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The Impact of Minnesota's Felony Strangulation Law

In 1999 WATCH played a key role in the initiation of the Hennepin County Fatality Review Team, a collaboration of private, public and non-profit organizations operating in Hennepin County. This group’s first report highlighted the lethality of domestic strangulation in Minnesota. In response, the Minnesota Coalition for Battered Women (MCBW) with the assistance of WATCH and its member programs, pushed for the creation of a specific felony statute for domestic strangulation during the 2005 legislative session. With the passage of this law, Minnesota became one of six states (including North Carolina, Missouri, Oklahoma, Nebraska and Idaho) that have felony strangulation laws.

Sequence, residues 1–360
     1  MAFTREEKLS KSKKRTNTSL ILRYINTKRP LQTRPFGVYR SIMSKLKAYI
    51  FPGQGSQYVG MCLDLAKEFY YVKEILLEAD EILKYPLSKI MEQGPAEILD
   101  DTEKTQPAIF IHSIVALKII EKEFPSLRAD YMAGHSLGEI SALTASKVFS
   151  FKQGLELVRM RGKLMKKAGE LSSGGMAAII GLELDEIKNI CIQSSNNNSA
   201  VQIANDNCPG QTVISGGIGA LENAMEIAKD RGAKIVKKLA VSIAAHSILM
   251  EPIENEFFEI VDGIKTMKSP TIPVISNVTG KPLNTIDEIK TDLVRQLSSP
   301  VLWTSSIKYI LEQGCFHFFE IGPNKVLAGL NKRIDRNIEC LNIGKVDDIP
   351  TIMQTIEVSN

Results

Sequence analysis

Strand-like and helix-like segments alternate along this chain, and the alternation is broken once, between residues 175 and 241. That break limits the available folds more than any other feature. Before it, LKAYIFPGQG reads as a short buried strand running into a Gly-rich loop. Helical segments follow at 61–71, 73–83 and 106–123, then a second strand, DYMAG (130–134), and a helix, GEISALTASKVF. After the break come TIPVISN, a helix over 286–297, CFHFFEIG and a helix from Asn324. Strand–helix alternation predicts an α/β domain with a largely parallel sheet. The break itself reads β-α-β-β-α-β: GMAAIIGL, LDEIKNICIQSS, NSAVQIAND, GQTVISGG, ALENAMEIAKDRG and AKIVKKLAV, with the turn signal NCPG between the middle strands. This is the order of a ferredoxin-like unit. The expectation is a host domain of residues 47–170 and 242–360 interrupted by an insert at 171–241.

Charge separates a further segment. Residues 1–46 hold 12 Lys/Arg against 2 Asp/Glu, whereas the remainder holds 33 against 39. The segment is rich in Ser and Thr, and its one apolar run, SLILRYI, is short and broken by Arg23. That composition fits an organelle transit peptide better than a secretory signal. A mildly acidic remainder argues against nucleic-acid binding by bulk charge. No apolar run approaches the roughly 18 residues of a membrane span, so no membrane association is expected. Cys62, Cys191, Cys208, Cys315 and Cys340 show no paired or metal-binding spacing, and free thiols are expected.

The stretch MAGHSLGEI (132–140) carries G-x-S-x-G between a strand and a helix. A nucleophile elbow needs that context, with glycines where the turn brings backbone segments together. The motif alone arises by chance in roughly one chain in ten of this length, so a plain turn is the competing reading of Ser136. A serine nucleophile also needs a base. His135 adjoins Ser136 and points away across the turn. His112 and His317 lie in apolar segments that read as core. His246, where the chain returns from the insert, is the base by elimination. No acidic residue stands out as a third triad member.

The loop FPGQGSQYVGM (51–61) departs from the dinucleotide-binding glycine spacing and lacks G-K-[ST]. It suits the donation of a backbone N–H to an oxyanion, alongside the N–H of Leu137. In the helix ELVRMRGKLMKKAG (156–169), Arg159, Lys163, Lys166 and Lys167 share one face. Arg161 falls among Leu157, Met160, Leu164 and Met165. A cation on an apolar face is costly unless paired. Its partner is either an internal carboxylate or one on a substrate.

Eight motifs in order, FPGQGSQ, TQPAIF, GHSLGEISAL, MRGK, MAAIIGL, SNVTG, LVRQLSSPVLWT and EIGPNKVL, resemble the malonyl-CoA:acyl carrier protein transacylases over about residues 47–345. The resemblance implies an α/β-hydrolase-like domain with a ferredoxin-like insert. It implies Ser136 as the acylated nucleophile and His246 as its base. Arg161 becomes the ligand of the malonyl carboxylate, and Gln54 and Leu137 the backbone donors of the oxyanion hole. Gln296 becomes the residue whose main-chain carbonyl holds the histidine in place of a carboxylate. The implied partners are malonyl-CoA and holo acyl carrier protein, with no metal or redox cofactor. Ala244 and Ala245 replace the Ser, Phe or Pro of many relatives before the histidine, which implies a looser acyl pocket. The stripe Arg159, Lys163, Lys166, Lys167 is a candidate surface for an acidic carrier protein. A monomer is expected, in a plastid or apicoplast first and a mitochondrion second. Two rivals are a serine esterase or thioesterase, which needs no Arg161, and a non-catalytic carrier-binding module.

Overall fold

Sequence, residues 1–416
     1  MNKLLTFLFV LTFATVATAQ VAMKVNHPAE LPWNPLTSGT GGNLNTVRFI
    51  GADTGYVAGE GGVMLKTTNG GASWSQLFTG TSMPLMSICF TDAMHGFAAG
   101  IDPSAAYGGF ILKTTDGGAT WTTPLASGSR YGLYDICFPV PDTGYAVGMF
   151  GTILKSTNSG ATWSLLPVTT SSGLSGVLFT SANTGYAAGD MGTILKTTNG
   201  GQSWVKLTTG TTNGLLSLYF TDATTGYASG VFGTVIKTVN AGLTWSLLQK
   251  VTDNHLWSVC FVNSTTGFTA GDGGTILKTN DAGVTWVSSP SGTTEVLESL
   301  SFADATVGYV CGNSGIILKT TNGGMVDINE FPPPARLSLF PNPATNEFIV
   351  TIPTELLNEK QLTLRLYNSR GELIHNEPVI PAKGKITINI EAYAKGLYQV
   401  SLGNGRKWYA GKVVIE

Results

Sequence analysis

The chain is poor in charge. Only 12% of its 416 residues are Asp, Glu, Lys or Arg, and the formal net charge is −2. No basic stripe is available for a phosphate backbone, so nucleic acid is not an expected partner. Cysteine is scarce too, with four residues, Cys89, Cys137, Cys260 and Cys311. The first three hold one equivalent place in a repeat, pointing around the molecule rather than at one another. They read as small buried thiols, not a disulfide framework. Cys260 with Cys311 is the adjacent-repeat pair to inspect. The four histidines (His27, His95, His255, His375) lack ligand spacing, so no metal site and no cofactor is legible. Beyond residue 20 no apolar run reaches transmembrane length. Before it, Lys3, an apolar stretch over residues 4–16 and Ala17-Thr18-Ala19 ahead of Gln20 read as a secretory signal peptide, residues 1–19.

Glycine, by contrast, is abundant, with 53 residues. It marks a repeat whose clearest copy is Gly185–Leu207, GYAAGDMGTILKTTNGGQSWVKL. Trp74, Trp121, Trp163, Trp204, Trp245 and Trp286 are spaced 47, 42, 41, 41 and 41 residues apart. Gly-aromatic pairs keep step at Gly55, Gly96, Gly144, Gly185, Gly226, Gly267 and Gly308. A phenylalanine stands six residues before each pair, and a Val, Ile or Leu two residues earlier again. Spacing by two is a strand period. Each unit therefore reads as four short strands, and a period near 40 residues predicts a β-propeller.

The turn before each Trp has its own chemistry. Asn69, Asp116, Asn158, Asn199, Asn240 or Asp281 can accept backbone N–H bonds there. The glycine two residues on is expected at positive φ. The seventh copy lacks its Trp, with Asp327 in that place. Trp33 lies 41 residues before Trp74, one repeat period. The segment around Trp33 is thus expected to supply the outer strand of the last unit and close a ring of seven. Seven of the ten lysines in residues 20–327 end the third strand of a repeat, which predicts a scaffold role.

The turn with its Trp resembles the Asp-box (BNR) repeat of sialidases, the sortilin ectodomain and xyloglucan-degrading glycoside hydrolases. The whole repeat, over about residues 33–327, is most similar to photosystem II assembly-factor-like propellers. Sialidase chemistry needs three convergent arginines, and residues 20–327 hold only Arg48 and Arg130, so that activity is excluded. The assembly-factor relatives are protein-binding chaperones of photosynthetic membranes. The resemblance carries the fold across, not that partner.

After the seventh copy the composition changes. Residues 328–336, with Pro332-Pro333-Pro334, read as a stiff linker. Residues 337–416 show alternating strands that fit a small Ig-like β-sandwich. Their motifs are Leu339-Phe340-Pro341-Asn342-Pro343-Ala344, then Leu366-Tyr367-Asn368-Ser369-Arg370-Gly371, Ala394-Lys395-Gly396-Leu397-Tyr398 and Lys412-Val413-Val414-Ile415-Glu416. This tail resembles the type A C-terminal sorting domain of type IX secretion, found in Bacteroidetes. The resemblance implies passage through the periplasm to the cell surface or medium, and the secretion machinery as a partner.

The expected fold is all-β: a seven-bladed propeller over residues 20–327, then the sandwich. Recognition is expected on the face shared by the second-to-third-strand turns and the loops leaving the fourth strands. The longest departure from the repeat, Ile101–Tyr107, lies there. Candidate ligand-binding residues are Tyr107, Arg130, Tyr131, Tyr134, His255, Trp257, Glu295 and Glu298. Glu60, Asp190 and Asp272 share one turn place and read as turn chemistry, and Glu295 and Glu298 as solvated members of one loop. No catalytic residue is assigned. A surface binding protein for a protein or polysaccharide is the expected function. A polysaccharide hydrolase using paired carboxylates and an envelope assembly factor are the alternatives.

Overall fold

Statute 609.2247 went into effect in August 2005. Prior to the law’s passage, most domestic strangulation cases were charged as misdemeanors even though strangulation is one of the most dangerous forms of domestic violence and, according to the Hennepin County Fatality Review and other experts, is frequently a precursor to domestic homicide.

To better understand the successes and challenges faced in Hennepin County and other Minnesota jurisdictions, WATCH reviewed the first six months of the law’s implementation to assess its impact, particularly on victim safety and offender accountability.